Lastly, no responses to what Mystery Tool Number 3 was so I’ll assume you all knew and it was obvious! They are bowel scissors! The curved tip of the lower blade is to ensure the edges don’t get caught when cutting through the bowel and open it exposing the mucosal surface inside. The reason why we do this sometimes is to show the pathologist this surface and therefore any inflammation or indications of illness or disease that might be there. The bowel could be examined for diverticulitis, colitis or other diseases in this way and those named are the ones I have seen so far. The bowel is opened, washed thoroughly of it’s contents and laid out for the pathologist to examine. I’m hoping once I’ve done this a few times I am able to imitate my boss who can do this with no mess and display it perfectly laid out for examination.

Mystery Tool Number 3 Revealed! Bowel Scissors!

I will leave you all with a final reminder that this is a tough time of year and to look out for those who need any extra help or assistance in the coming weeks. Merry Christmas and a Happy New Year to you all, I wish you all a peaceful and enjoyable time however you decide to spend it. Also I spare a thought for those who work over Christmas, particularly those who keep the NHS running 24 hours no matter what day of the year.

MG x

Copenhagen Medical Museum

Copenhagen was the perfect break for November. Laura B and I had planned it for a few months, we reacted to the intense heatwave of the summer by booking a trip to somewhere that would definitely be cold. I spent many a hot summers day dreaming of blankets, scarves and thick socks. I’m a Winter person as well as a cat person it would seem.

Always perfectly happy in the cold!

One thing I had discovered upon researching the sights of the city was that there was an ‘anatomy’ museum or medical museum. I knew nothing about it apart from a glance at the website to find out where exactly it was, because I had to visit no matter what. As it turns out, the medical museum is nestled in a grand looking building next to the more popular Design Museum. The door as you approach is closed, sensible in the climate, but automatically opens as you approach which is not something you expect from a very tall, old looking wooden door. Once inside, the museum is made of wooden floors and steps, the different areas of the museum separated by split levels and short flights of stairs.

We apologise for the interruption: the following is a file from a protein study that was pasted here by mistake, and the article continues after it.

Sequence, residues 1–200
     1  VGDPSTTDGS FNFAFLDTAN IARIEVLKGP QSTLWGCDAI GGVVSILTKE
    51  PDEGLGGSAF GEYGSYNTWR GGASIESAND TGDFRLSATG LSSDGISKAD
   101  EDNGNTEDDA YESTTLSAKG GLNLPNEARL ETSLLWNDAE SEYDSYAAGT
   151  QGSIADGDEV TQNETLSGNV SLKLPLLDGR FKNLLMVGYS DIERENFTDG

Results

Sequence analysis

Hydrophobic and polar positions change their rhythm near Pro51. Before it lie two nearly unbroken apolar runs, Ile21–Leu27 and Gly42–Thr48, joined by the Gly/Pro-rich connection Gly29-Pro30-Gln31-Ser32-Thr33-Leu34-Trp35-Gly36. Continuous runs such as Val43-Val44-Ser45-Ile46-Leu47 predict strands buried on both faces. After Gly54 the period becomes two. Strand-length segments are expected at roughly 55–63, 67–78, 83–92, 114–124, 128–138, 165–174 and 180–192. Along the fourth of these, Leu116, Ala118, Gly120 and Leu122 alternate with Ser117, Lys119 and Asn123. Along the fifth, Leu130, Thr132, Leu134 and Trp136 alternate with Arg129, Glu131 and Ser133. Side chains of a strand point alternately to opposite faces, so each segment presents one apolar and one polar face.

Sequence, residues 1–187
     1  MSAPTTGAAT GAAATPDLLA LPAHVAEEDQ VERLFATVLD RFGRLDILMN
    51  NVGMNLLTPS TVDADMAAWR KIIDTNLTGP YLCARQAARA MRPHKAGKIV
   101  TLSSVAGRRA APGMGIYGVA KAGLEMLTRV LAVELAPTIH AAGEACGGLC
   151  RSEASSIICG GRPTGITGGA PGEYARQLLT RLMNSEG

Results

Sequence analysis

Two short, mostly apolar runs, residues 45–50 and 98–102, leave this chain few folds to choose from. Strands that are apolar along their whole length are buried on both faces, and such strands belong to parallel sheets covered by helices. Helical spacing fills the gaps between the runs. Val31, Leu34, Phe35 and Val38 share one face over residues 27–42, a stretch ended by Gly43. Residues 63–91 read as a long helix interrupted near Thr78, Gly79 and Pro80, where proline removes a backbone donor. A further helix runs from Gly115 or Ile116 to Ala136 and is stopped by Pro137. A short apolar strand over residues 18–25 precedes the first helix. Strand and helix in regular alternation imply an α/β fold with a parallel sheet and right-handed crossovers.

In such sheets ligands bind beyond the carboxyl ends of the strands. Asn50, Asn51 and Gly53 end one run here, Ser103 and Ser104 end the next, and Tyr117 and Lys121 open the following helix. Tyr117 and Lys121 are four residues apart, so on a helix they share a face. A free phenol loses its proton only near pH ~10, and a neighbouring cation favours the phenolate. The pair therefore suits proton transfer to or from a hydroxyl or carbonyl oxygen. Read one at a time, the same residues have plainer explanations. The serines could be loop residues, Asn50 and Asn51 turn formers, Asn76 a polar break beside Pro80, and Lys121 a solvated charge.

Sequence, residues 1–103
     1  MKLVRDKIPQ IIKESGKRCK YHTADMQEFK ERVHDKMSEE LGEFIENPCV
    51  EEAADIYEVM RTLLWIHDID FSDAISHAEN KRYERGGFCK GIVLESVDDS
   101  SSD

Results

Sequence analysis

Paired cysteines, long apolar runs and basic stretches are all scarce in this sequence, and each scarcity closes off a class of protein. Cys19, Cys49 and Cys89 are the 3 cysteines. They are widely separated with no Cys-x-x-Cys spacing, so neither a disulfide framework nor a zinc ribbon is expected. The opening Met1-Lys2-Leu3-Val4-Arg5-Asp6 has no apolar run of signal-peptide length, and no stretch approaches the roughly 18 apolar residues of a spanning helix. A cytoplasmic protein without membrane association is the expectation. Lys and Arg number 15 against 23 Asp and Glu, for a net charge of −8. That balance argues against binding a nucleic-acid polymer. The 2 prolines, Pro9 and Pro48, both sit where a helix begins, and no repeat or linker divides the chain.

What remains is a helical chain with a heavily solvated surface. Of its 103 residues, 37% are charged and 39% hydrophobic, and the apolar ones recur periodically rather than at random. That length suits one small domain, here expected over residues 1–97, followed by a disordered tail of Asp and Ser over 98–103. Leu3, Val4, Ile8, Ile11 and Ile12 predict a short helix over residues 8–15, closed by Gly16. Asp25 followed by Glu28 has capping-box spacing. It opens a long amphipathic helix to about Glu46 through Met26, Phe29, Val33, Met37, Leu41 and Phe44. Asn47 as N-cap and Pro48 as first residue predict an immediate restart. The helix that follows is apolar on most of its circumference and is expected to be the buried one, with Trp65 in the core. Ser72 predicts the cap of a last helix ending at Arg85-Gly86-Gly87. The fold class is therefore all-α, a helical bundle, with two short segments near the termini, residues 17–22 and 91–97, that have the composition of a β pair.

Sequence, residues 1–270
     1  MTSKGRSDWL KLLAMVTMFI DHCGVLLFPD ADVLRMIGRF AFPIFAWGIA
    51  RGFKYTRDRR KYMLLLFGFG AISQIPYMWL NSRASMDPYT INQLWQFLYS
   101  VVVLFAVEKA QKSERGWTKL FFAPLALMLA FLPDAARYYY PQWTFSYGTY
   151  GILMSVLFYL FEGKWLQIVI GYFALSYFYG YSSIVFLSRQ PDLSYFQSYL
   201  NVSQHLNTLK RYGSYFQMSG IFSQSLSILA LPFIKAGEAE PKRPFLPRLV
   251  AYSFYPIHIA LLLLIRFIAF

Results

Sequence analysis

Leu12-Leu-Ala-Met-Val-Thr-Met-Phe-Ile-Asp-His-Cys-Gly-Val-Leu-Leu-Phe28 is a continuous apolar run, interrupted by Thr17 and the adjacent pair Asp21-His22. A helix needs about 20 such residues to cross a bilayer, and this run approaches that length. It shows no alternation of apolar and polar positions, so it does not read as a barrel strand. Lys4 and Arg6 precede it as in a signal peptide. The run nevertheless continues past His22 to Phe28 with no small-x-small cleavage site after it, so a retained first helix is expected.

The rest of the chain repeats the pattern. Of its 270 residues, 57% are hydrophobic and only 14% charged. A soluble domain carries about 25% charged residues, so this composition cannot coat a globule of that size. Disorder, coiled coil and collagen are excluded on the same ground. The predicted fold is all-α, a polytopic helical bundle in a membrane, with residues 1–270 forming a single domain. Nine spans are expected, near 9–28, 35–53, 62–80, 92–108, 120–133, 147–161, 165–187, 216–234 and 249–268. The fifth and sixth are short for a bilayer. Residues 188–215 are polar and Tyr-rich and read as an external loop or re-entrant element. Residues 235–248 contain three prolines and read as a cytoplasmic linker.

I try not to make a habit of taking photographs in toilets…. but this arty display of sharps bins caught my eye while using the facilities!

Fortunately, the people of Copenhagen do generally have everything in Danish or English so we were given an English leaflet guide to take around with us. I had tried my hand at Duolingo before we went but I was hardly fluent. The museums we went to all asked that we left our coats and bags in either a locker or at a cloakroom, something which felt like a very sensible idea and a good way to feel the benefit of your coat upon leaving!

Cool display of pacemaker devices

The first room we entered was a history of psychiatric care and the different approaches. Most notable of this room was the display of a large lockable box with a bed inside which looked mostly terrifying, and the different therapies shown such as electric shock therapy and a really disturbing box of props used for children’s therapy including a creepy mask.

Next we found ourselves in a room with a large glass table which turned out to be a game. After a good ten minutes of trying to Google Translate the Danish, I turned around to find the English version behind me. It was a game of luck, selecting body parts at random each turn via a spinner in the centre of the table. A bit like Anatomical Twister but each body part came with its own disease or trait that added or subtracted years from your life. We both started off at 80, I was taken years for having some mild complaints and died at 76. Laura B was given a great head start and added many years to get life by being a widow! I can’t remember at what age she died but it was at least twenty years on me. I really liked the concept and playing this game, and once we had finished the guide from the front desk came to find us to tell us a tour in English was starting soon if we would like to join. Of course we obliged!